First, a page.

Quibby, the defiant streaming service founded by Hollywood mogul Jeffrey Katzenberg, wants to know whether the financing of the patent lawsuit against Eliot Management was motivated by a personal relationship between the hedge fund’s billionaire founder and a top executive.
In a brief filed late on Thursday, Quibb questioned a romantic relationship between Paul Singer, Elliott’s founder and chief executive, and a co-worker, whose son is employed by Echo, an interactive-video company by Quoby Claims trade-secret theft.
“Elliot’s motivation to appear in the lawsuit appears personal,” Dhillin said.
A lawyer filed in Los Angeles federal court sought access to communication between Elliott and Eeco, as well as a deposit from Singer, 76, and his girlfriend, 70-year-old Terry Cassell, who is also Elliott’s head of strategic human resources Huh.
Kessel’s son, Stephen Backer, holds a senior position in Echo, according to the filing.
Backer did not immediately respond to requests for comment.
Elliott destroyed the filing on Friday as a desperate attempt by Cubby to defend himself from the issue at hand. “The irrelevance of Quibby’s focus on individual cases to advance a false story about Elliott’s role related to this case demonstrates Quibby’s reluctance on the actual underlying legal issues,” Richard Zabel, Elliott’s General Lawyer and Chief Legal Officer.
“Elliott decided to finance this litigation because we firmly believe that Echo would prevail in its claim that Quibby had stolen its intellectual property.”
According to Forbes, an Elliott spokesman declined to comment on Singer’s personal life, a high-powered and notorious private financier and political donor worth an estimated $ 3.6 billion.
A source familiar with the matter told The Post that the CEO’s relationship with Kassel dates back to a court battle between Qubi and the Eko saga. The man said that the couple have been in a romantic relationship for almost a decade, and their relationship is known to Elliot’s people.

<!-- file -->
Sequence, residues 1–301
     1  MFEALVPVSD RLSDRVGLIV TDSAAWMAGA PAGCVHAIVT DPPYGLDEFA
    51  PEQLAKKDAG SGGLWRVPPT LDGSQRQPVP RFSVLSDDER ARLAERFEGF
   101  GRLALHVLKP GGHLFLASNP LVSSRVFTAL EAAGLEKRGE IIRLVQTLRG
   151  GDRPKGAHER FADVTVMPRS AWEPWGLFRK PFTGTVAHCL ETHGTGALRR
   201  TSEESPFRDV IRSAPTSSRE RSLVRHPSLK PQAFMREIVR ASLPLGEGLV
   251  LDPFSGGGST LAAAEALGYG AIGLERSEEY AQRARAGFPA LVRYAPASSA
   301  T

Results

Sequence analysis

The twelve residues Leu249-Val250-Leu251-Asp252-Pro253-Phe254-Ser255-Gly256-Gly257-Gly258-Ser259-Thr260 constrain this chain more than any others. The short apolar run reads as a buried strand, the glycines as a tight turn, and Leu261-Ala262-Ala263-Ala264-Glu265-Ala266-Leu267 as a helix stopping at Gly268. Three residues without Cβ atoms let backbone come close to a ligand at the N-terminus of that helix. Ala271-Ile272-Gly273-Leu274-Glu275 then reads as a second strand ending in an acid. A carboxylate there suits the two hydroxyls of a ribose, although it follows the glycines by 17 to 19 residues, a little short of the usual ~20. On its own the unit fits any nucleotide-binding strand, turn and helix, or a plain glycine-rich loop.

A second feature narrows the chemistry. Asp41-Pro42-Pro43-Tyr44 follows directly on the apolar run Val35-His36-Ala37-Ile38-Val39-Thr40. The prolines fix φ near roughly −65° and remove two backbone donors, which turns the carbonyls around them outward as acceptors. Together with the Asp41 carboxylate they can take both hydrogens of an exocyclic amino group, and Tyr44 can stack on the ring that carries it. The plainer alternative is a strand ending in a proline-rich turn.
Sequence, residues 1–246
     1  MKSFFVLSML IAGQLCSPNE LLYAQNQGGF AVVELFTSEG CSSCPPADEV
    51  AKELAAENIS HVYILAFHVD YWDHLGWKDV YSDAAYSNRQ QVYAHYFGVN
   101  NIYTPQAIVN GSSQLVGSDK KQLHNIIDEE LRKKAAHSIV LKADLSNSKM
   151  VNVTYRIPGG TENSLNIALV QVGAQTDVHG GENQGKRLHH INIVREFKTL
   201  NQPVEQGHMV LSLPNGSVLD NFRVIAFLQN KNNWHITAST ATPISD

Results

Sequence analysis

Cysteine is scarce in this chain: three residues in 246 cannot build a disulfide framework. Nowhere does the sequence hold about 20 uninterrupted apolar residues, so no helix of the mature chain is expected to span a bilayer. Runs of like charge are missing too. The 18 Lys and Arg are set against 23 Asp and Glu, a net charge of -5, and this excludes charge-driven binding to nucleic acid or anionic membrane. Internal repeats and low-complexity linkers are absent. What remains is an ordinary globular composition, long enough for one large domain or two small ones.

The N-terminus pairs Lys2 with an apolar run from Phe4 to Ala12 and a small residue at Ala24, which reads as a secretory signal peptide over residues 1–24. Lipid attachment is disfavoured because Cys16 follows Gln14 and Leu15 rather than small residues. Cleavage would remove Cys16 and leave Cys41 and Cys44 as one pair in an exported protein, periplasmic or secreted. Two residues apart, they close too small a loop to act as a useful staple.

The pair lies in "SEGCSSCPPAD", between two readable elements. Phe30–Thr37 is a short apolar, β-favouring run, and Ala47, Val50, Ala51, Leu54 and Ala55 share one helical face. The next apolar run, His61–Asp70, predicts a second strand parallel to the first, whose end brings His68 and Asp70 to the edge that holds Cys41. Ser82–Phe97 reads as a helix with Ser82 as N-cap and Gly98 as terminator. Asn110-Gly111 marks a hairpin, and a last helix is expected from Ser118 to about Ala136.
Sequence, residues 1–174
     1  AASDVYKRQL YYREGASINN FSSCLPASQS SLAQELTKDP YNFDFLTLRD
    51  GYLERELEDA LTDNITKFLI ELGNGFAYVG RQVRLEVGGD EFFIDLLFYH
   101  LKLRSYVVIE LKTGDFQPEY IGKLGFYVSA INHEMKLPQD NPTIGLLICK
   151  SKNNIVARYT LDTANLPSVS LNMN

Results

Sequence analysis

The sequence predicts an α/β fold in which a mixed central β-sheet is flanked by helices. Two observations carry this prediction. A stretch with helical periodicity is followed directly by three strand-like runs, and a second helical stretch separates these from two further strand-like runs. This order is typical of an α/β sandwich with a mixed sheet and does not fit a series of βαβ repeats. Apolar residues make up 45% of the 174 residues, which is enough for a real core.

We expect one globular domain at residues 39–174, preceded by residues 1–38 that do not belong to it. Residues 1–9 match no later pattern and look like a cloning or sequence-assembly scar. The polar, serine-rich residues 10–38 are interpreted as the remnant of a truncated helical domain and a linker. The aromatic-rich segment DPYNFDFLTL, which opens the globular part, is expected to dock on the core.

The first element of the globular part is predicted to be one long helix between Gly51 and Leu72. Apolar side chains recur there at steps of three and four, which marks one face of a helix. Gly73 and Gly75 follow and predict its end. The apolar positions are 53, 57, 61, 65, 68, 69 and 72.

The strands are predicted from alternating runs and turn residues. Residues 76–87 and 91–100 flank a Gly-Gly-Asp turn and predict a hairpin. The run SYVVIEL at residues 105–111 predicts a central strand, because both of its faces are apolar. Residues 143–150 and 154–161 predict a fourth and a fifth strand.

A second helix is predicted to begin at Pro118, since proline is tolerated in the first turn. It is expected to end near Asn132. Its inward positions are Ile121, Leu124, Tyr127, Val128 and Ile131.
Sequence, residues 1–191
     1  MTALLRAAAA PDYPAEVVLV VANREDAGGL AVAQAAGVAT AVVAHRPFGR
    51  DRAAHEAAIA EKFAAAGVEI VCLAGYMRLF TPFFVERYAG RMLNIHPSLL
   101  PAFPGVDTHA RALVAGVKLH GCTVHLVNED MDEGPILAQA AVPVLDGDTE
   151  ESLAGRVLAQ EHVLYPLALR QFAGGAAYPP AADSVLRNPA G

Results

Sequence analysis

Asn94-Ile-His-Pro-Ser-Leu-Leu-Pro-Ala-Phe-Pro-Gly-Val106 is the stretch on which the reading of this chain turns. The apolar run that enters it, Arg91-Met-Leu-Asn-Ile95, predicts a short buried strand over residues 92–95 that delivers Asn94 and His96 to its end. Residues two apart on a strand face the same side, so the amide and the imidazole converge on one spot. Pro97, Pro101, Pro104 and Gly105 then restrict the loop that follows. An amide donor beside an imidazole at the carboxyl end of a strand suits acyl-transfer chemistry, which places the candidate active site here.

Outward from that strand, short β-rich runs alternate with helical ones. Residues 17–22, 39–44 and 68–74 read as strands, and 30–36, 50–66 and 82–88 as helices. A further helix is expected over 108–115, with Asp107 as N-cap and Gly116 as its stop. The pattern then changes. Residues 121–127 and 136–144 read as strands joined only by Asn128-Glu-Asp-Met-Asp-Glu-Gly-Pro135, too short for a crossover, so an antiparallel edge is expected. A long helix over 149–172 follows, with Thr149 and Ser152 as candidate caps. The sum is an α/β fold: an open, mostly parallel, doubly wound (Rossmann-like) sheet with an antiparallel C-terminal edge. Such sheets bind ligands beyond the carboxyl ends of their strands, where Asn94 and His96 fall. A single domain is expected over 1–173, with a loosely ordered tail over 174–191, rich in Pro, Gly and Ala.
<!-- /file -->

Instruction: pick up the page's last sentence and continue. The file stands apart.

As The Post reported last year, Quibby has adopted an unusual way of fighting patent litigation by hiring private investigators to dig up dirt on Singer and Echo founder Yoni Balloch.
Ex-Echo employees, who made calls with Quibby’s private eye, said investigators focused not on technology but on Baloch’s management style, Echo’s work culture and internal disputes that are running beneath the surface.
In March 2020 Eko sued the quiz over the app’s “turnstile” feature, which allowed viewers to play different videos, depending on how they’re holding their phone – vertically or horizontally. From Eko claimed a feature infringed in its technology, which Quibi has denied.
Qubby, launched in April during the height of the epidemic in April, was recently marked as Hollywood’s biggest flop in memory.
But the lawsuit is making its way through the court and controlling the suit for Singer Elliott, Echo, which gave the hedge fund an equity stake.
“The discovery will reveal whether Elliott’s belief in Echo’s claims is based on evidence or is based on construction and an individual side,” said Quoby’s filing.
In a filing filed earlier this week, Queen argued the subpoena Singer and Cassell. Elliott has opposed those efforts.
Tit-for-Tate offers a rare glimpse into Singer’s personal life. Professionally, he is known for going to extreme lengths to make good on his investment, including the time of 2012, when Elliott recaptured a historic Argentine naval vessel into some $ 600 million bond , Which was purchased by default in Argentina in 2001. .
Elliott is also a major player in what is known as litigation finance, or financing lawsuits to collect on wins.
Katgenberg and Quabi’s partner Meg Whitman raised $ 1.75 billion from investors for Quib Jartstart, which offered highly-produced shows under 10 minutes targeted at on-the-go consumers. Quiby attracted stars such as Liam Hemsworth, Jennifer Lopez and Kevin Hart for episodes of her short look, as well as investing in the likes of Disney and NBCuniversal.
But it launched during the epidemic, when people stopped competing or even waited for coffee as before. The service continued to struggle to benefit viewers and advertisers and began postponing payments.
The app sold its content library last month to video-streaming company Roku for less than $ 100 million.